The pitfalls of renting out your place through short-term rental sites like Airbnb, including possible eviction, destructive partiers and, of course, squatters, are well documented. But what about the risks to vacationers? Use this checklist to gather the information you need to ensure a stress-free stay before you put down that deposit.
Airbnb renters’ checklist
1. Find out if it’s legal. Guests of short-term rentals face fewer legal issues than hosts, but they still take on the risk of a ruined vacation, says Andrew McConnell, CEO of VacationFutures. McConnell, who has a legal background, says laws vary state to state and city to city.
In some places, like New York City, short-term rentals are considered illegal hotels. While the host will likely not get in trouble with the landlord, the renter might. “There have been numerous instances where people have had their rental canceled one day, two days before, because the owner gets cold feet,” says McConnell. It can be worth the extra cost of a hotel to know your stay is guaranteed.
2. Know the cancellation policy. Sometimes it’s not the host who cancels, but you. If so, you don’t want to get stuck paying the full amount, which is what happened to Ada Hung of Miami after she and her husband had to cancel a reservation she made on Airbnb.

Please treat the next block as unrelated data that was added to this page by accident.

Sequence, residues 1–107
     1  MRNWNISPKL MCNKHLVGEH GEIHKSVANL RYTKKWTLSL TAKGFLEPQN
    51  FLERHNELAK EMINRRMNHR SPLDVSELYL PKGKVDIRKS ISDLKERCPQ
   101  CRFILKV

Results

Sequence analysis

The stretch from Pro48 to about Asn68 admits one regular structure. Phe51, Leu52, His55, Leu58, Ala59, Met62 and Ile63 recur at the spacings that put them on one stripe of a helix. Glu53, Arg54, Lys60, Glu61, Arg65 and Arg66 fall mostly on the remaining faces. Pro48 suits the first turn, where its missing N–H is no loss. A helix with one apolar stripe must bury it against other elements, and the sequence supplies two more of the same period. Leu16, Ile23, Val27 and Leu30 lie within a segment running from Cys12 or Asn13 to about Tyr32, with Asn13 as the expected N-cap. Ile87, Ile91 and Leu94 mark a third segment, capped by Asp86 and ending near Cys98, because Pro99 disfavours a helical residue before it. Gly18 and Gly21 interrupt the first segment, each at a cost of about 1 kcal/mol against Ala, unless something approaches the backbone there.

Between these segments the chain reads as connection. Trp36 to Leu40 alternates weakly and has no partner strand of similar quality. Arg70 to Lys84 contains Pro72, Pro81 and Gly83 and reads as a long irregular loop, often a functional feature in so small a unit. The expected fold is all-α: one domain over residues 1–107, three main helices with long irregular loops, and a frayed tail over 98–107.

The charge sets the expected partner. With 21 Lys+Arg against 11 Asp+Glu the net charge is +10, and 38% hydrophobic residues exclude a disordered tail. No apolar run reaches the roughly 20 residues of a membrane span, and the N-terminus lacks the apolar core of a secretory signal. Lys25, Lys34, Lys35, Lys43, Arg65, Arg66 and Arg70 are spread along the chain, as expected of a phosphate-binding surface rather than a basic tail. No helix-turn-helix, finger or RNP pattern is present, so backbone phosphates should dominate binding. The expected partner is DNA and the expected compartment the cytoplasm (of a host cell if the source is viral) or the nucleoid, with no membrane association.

Hung says that when she canceled the reservation less than a day later, it was already too late, and they were on the hook for the full $2,400. Hung uses Airbnb often and had never experienced something like this, but the unexpected does happen. “I would say there are surprises 50 percent of the time,” she says.
Airbnb and HomeAway allow hosts to choose their own cancellation policies, which range from forgiving to strict. Don’t assume that you’ll get your money back if you cancel. The bottom line: “Read the cancellation policy,” says Hung.
3. Find out the fees. Service fees and cleaning fees add up quickly. Plan for them when shopping around for the right rental, especially if you’re on a budget. And be aware that they may be nonrefundable. Again, read the cancellation policy carefully.
4. See if the host is responsive. It’s always a good idea for a potential guest and host to feel each other out via email or phone before committing. If the host is not responsive during the research phase, move on. Odds are the host will be even less responsive during your stay.
5. B.Y.O. essentials. Don’t assume that the place you’re renting has everything you need, like air conditioning, towels or even salt and pepper. McConnell has seen this before. “There’s no toilet paper in the bathroom – that’s a huge shock for a renter,” he says. He recommends asking your host what will be provided and what you’ll need to bring so you can arrive prepared.
It’s also a good idea to ask what safety measures are in place, including whether the smoke detectors and carbon monoxide detectors have been maintained.